style sheet 1

In the second half, I go on to dates and numbers, how references are laid out, and some specific things to do with the particular text I’m working on.

style sheet 2

I find that a publisher’s style sheet is set out in the same way, although it might sometimes be online or a pdf with links.

If I’m working on a text destined for a particular publisher or journal article, if their own style sheet is very long and my text is quite simple and doesn’t need all that detail, I’ll often summarise the parts I need on my sheet anyway.

When should I set up a style sheet?

I set up one of these for any text that …

  • Isn’t for a publisher or journal that has its own style sheet
  • Is for a publisher or journal that has its own style sheet but that sheet is very long and complex and I can use a summary
  • Is more than a few pages long
  • Is being sent to me chapter by chapter (this happens with PhDs I work on)
  • Is going to form part of a larger body of work or a series (e.g. the regular publications of an organisation
  • Is being worked on with a colleague – this is quite rare but does happen

When and why should I send a style sheet to my client?

I pretty well always send the style sheet to my client along with my completed work.

I typically send it with a note in the email directing the client to my explanatory article, as I’ve found that most of my clients haven’t come across this before (I happen to work with a lot of students and self-publishers, as well as translation agencies; your experience may differ if you mainly work with publishers).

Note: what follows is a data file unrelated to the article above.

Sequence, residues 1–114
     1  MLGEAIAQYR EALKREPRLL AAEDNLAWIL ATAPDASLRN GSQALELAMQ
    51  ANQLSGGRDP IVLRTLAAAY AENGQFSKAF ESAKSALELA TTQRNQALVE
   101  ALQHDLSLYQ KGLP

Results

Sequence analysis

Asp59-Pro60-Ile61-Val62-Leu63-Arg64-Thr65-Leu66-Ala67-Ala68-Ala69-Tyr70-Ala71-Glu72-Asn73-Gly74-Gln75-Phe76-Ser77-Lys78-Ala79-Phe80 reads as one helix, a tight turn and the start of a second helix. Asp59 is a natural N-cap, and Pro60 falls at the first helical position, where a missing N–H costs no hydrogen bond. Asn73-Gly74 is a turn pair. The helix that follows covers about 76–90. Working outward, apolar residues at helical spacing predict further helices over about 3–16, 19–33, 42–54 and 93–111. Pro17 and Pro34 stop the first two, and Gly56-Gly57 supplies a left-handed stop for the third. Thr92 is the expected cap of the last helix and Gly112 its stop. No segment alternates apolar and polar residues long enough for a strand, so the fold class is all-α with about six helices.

I will send the style sheet to my client if …

  • They’ve asked me a lot of questions about grammar and wording issues before we start (I will probably pop down the standard hyphenation and capitalisation rules on it if that’s the case)
  • They are likely to add to the text (for example if I’ve pointed out gaps or missing references)
  • They are sending me their work chapter by chapter – sending the style sheet with the first chapter can often nip certain issues in the bud, the client learns from it and they’ll be more consistent in the next chapter (I’m always so happy when this happens!)
  • They plan to send me regular publications, etc. – if they didn’t have a style sheet I provide one for their writers to use, making my work easier and less time-consuming and meaning they have less to correct
  • It’s a substantial document (more than a few pages)

Hopefully, having a style sheet from me will mean that the client will keep things more consistent in the future.

I do also mention that they should send this on to their proofreader if they’re planning to use one in the next stage of publication. This saves their proofreader from busily changing all the Chapter Ones to chapter 1 (or at least it explains that it was an active, considered choice on my part, and not an error).

Making changes to a style sheet